Outside.in, a major aggregator of local blogs, has begun the integration with CNN that was announced last December at our Interactive Local Media Conference in LA. First up is integration with CNN’s home page, weather page and profile page. On the homepage, users can click on Local Weather & News in the right sidebar, enter their zip code and get local news. On the weather page, headlines appear below the map when zip codes are entered. On the profile page, “local news” appears on the right.
Outside.in emphasizes that this is just the beginning of a broad integration, and will position the company for integration with any site. “To support the one billion+ monthly page views on CNN.com, our team tackled the challenge of massively scaling our platform and providing CNN with a robust, yet flexible API to meet all their needs. The integration allows us to drive exposure and traffic throughout the news ecosystem to publishers of all sizes,” notes an internal communication.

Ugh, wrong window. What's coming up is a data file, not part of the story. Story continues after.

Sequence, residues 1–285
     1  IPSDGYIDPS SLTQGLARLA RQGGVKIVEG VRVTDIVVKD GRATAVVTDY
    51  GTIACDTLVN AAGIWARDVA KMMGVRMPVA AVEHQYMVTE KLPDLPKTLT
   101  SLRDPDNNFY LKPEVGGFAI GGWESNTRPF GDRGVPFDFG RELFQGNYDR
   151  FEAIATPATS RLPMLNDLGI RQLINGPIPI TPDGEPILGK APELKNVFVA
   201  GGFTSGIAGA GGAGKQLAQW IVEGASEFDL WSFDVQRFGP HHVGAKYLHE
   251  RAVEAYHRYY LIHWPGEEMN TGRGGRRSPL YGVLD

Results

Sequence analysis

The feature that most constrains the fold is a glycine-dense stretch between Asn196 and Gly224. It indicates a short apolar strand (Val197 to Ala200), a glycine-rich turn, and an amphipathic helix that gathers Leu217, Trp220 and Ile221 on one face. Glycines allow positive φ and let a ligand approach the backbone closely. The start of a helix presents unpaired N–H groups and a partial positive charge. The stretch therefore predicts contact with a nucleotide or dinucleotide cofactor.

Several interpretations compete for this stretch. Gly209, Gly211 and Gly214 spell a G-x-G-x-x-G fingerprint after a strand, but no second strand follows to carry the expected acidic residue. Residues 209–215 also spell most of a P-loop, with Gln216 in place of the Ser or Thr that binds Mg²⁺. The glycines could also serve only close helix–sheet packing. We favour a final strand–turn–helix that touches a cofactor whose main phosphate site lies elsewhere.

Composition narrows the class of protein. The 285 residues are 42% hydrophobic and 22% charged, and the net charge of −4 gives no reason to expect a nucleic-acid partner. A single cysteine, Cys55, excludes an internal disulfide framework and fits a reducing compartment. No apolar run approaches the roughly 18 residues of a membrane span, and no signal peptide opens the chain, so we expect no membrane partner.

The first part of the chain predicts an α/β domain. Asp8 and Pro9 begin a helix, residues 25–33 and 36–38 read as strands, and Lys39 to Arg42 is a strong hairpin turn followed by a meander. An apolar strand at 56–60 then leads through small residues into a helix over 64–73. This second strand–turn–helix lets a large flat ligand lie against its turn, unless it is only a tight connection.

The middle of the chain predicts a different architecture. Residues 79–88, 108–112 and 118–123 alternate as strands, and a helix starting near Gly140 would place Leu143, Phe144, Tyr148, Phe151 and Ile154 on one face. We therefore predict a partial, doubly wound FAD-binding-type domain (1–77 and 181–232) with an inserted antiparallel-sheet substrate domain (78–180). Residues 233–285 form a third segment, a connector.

In other local aggregator news, MSNBC’s Everyblock has teamed with New Haven-based SeeClickFix to enable consumers in each of EveryBlock’s 16 cities to report and view civic issues reported in their neighborhoods (i.e. “Stop sign needed at corner of El Camino Real.”)
The ad-supported site, which emphasizes mobile reporting, has previously teamed with a number of top newspapers, including The New York Times, The Journal Register, Boston.com, North Jersey.com, Philly.com, Dallas Morning News and The New Haven Independent. It follows in the footsteps of E-The-People, a site that had pursued a similar strategy more than ten years ago, working with over 100 newspapers.
“The work that EveryBlock has done to free up local data has been instrumental in creating the kind of environment in which tools like SeeClickFix can thrive and create real positive change through greater civic participation,” said SeeClickFix CEO Ben Berkowitz in a release. “SeeClickFix maintains an open data policy so that like-minded sites like EveryBlock can put our users content in front of their users, and we can work to create a larger environment of open local communication for the greater good of our neighborhoods.”